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Pandemic series: how likely is emergence of a deadly new blood-borne pathogen?

Some of the least pleasant diseases humans have dealt with are those transmitted by direct person-to-person contact via blood, saliva, or other bodily fluids. Hepatitis, HIV/AIDs, and hemorrhagic fevers such as Ebola and Marburg are key examples.

While this transmission method is much less efficient than an airborne mode, it can be very dangerous. AIDs/HIV, due to its long quiet incubation period, spread quite widely before even being identified. The recent Ebola outbreak caused of order 30,000 cases and grew very rapidly for a while before being brought under control.

By Jan. 1, 2019 will the CDC, WHO, or a published scientific paper report that a naturally-occurring qualitatively new pathogen spreadable via person-to-person contact (but not mosquito-transmitted or airborne) with a potential death rate of > 10% has been discovered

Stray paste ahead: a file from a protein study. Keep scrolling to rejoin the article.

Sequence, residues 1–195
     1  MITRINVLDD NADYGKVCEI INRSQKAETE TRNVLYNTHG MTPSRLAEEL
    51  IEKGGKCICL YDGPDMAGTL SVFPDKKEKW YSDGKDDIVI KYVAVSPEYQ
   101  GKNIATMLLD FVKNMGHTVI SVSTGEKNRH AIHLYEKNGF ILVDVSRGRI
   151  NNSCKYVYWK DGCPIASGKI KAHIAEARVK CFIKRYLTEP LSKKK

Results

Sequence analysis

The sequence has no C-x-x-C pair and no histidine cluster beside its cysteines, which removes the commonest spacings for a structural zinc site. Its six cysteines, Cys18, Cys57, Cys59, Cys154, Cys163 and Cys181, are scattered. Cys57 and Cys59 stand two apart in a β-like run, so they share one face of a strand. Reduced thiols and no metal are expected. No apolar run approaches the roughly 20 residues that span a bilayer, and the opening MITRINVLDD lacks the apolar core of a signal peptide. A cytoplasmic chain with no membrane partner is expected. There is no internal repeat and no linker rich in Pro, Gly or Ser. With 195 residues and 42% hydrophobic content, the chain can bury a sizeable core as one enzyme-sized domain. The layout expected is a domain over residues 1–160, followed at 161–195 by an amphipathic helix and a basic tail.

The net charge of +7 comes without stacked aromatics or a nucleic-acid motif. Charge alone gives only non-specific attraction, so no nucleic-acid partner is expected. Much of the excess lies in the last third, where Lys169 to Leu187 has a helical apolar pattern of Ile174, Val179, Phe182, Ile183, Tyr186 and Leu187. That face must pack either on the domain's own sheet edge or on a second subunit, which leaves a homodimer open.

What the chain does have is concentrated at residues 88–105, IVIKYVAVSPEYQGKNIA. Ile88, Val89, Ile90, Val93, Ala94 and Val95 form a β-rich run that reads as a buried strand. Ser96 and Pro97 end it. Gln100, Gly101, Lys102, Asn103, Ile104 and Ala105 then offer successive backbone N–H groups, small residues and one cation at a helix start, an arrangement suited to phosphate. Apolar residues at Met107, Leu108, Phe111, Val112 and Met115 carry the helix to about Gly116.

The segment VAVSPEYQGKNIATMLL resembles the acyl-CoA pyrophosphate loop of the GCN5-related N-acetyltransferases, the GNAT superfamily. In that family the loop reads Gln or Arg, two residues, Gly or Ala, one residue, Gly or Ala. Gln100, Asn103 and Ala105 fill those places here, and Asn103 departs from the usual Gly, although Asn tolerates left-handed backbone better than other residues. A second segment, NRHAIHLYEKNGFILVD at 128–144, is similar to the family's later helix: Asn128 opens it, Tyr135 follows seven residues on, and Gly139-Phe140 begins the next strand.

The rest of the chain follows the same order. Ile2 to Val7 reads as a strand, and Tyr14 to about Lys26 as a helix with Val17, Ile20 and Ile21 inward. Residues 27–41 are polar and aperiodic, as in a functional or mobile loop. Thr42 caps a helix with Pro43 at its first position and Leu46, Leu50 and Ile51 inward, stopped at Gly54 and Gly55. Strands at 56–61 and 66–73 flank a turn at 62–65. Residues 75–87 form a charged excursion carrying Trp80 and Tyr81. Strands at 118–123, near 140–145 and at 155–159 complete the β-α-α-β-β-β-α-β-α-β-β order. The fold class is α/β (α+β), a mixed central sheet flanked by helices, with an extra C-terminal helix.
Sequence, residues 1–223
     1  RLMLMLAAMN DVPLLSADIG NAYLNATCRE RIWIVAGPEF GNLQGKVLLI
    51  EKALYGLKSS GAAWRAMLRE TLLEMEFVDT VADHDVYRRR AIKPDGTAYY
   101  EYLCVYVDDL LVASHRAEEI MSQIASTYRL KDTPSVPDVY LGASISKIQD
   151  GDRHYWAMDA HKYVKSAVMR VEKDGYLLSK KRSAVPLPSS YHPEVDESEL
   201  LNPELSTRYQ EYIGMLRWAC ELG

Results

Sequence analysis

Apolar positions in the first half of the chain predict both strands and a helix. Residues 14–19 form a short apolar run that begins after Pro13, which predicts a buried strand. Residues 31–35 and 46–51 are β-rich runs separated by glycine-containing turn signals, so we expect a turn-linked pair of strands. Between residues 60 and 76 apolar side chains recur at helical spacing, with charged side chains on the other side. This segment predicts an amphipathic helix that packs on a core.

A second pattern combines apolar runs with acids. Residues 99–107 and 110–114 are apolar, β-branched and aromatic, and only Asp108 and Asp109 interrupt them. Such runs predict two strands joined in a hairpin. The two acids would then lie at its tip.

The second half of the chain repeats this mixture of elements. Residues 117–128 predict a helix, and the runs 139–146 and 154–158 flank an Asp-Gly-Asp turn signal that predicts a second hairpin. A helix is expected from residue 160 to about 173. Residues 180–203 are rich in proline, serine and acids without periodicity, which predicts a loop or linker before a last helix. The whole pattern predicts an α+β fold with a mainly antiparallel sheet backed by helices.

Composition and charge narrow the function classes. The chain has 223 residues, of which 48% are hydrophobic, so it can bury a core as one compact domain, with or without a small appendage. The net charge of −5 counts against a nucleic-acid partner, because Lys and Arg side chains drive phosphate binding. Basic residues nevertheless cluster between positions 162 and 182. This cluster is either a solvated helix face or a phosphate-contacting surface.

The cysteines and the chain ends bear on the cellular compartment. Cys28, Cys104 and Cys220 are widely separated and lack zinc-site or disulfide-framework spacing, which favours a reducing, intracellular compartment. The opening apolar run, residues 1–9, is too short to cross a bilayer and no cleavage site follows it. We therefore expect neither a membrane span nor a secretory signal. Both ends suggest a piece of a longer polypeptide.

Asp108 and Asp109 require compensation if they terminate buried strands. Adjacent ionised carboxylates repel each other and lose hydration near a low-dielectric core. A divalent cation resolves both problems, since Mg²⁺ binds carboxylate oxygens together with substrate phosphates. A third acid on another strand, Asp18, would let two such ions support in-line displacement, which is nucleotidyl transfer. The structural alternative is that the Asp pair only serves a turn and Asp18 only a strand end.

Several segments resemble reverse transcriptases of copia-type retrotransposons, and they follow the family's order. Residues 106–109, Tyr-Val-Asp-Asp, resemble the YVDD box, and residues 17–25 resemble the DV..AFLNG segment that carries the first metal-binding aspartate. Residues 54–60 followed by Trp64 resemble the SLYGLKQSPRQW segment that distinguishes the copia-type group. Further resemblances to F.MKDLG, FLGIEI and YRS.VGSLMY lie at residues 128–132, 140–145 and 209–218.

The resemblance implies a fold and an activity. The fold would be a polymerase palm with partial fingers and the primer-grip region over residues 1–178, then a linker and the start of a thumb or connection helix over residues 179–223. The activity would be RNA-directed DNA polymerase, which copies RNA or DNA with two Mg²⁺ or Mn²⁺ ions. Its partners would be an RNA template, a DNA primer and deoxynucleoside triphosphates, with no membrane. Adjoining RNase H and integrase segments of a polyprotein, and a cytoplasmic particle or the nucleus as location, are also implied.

We'll consider a pathogen "qualitatively new" if it is given a unique new name or official nomenclature and widely described as "new." We define a "potential death rate of X" as being fulfilled by any report of > 100 cases in which > X death occurs, or in which > 1 death is reported in a number of reported cases exceeding 100/X.

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Use the community stats to get a better sense of the community consensus (or lack thereof) for this question. Sometimes people have wildly different ideas about the likely outcomes, and sometimes people are in close agreement. There are even times when the community seems very certain of uncertainty, like when everyone agrees that event is only 50% likely to happen.

When you make a prediction, check the community stats to see where you land. If your prediction is an outlier, might there be something you're overlooking that others have seen? Or do you have special insight that others are lacking? Either way, it might be a good idea to join the discussion in the comments.